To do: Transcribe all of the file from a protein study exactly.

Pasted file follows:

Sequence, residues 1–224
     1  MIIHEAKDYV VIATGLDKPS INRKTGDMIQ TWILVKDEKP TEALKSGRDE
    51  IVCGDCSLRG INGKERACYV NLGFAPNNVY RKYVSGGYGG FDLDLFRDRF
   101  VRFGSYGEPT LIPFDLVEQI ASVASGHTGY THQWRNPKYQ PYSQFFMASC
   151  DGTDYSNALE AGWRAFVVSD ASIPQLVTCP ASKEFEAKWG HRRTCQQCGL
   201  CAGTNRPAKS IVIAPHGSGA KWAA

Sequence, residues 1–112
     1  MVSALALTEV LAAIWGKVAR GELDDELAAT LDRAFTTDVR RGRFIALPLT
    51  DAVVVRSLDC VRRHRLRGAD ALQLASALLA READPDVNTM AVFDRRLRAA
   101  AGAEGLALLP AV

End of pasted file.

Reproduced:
Sequence, residues 1–224
     1  MIIHEAKDYV VIATGLDKPS INRKTGDMIQ TWILVKDEKP TEALKSGRDE
    51  IVCGDCSLRG INGKERACYV NLGFAPNNVY RKYVSGGYGG FDLDLFRDRF
   101  VRFGSYGEPT LIPFDLVEQI ASVASGHTGY THQWRNPKYQ PYSQFFMASC
   151  DGTDYSNALE AGWRAFVVSD ASIPQLVTCP ASKEFEAKWG HRRTCQQCGL
   201  CAGTNRPAKS IVIAPHGSGA KWAA

Sequence, residues 1–112
     1  MVSALALTEV LAAIWGKVAR GELDDELAAT LDRAFTTDVR RGRFIALPLT
    51  DAVVVRSLDC VRRHRLRGAD ALQLASALLA READPDVNTM AVFDRRLRAA
   101  AGAEGLALLP AV